When we arrive in November, we know that there will be a change in the energy and movement of the liturgical year. Geared to the seasons in the northern hemisphere, there is increasing darkness and an apocalyptic turn as we hear the final passages of Jesus during the final week of his public ministry. It is most likely that this long speech of Jesus that extends from chapter 23 to chapter 25 of Matthew’s gospel occurred on the Tuesday of Holy Week. (The timeline is clearer in the Gospel of Mark.) It is essential that we remember that everything in the Gospels happen in the light of the final three days of the life of Jesus – his passion, death and resurrection.
This parable (or is it an allegory?) of the ten maidens / virgins / bridesmaids – five of whom are wise and five are foolish – is, like most of the 40 or so parables that Jesus told, odd. It is stranger for us because it speaks of marriage customs that are very unfamiliar to us. We may surmise that the reception of the now married bridegroom with his bride (although she is not mentioned) back at his new house – which may have been his father’s house – was scheduled to occur in the evening, but why there is such a long delay is unclear. Perhaps he has to go first to the wife’s home to negotiate the terms of the marriage with his father-in-law and this takes longer than expected? The details of the foolish maidens having to find a seller of oil open in the middle of the night is also strange for us – although it seems that they were unsuccessful in their quest. While they wait, all of the ten fall asleep, yet our common English translations all offer the final line as “So stay awake…” which makes little sense in the context where that is not what made the difference. Some have suggested that a more appropriate translation would be “so be prepared…”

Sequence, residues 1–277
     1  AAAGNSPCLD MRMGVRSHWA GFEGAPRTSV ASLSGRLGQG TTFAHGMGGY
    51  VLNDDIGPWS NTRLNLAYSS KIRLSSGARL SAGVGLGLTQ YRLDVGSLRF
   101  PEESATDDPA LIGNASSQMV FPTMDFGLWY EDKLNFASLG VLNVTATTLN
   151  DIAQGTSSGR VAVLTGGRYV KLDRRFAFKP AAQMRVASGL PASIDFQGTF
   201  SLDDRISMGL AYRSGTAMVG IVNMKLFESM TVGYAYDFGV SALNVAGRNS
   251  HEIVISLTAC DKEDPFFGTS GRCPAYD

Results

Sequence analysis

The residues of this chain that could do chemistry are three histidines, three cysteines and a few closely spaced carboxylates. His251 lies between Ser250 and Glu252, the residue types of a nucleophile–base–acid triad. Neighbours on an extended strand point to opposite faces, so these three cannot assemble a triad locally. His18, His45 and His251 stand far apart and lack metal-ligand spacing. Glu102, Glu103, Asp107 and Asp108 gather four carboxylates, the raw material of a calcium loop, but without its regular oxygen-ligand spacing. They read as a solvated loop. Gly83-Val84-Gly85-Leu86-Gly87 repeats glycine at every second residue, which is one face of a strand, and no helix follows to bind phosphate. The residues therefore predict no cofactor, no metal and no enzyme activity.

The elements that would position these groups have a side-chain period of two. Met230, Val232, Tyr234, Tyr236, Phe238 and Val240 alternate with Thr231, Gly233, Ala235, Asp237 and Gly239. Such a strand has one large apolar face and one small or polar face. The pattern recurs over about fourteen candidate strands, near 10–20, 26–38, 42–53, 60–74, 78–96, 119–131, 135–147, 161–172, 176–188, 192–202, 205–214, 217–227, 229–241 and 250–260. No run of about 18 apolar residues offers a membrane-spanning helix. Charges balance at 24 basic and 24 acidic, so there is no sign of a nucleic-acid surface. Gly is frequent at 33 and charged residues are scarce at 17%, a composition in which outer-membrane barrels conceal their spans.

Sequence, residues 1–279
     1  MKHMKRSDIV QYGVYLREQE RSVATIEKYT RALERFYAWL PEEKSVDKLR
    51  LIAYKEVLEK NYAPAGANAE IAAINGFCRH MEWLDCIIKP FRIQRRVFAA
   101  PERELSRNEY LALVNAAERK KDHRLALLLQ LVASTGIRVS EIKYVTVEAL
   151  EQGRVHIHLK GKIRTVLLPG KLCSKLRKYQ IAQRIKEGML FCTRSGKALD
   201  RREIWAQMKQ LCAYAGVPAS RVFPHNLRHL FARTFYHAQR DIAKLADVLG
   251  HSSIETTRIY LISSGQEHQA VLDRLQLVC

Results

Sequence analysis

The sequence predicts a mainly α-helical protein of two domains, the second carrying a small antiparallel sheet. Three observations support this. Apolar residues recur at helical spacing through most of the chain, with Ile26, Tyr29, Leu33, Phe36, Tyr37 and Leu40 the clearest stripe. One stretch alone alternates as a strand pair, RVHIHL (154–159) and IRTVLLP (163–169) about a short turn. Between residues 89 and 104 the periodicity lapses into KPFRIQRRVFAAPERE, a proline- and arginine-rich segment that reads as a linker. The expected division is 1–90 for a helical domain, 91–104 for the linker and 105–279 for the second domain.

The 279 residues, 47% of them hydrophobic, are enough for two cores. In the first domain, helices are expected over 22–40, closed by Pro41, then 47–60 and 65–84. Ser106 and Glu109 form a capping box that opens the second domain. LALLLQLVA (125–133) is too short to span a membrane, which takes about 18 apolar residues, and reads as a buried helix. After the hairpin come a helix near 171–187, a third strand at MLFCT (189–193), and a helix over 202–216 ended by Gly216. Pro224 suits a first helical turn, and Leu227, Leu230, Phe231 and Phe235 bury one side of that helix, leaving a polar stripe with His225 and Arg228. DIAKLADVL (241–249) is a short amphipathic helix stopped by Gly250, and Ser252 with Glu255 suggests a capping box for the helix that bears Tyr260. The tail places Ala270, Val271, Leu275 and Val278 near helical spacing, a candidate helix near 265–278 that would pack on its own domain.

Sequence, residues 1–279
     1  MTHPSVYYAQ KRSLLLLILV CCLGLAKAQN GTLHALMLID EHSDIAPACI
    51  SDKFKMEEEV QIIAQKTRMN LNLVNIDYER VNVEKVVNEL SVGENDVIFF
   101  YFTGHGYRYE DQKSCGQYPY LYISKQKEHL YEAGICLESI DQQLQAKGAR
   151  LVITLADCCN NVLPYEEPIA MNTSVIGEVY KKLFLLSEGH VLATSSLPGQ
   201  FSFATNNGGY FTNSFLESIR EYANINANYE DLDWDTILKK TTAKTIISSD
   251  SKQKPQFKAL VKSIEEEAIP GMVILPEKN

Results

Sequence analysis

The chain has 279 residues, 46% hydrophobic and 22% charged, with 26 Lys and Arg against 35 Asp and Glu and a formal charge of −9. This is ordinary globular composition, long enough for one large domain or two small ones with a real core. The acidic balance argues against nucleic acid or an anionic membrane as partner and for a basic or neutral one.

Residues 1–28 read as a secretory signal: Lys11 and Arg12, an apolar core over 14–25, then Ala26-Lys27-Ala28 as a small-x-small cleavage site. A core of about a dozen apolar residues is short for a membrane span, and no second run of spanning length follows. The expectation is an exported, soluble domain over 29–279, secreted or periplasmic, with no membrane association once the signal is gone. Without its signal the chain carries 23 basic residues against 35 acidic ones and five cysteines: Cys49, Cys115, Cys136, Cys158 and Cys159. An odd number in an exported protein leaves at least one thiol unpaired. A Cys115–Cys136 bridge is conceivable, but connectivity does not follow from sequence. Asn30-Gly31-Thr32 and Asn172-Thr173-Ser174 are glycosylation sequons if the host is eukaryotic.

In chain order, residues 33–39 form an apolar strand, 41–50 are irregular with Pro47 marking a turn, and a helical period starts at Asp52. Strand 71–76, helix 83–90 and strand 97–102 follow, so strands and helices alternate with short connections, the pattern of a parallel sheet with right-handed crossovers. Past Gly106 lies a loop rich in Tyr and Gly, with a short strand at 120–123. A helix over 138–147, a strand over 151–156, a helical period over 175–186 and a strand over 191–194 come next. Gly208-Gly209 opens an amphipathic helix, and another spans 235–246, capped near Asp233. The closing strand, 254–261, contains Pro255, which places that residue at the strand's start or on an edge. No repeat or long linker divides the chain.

Another issue is that the parable can produce massive amounts of anxiety in potential disciples. How are we going to prepare for so many potential outcomes? It is likely that this is not Matthew’s intention in presenting the parable in this way. He knows that the only way disciples are able to make a full and flourishing choice to follow the risen Jesus in the changing circumstances of life is to simply offer themselves into the way of wisdom. Being prepared is about being responsive to the dynamic of God’s active call and active pursuit of our lives. Our first reading makes this very clear. Lady wisdom as one of the feminine characteristics of God is entirely active and eager. Wisdom makes herself available to all who wish to receive this precious gift.
Sunday 32, Year A. Wisdom 6:12-18; Psalm 63; I Thessalonians 4:13-18; Matthew 25:1-13.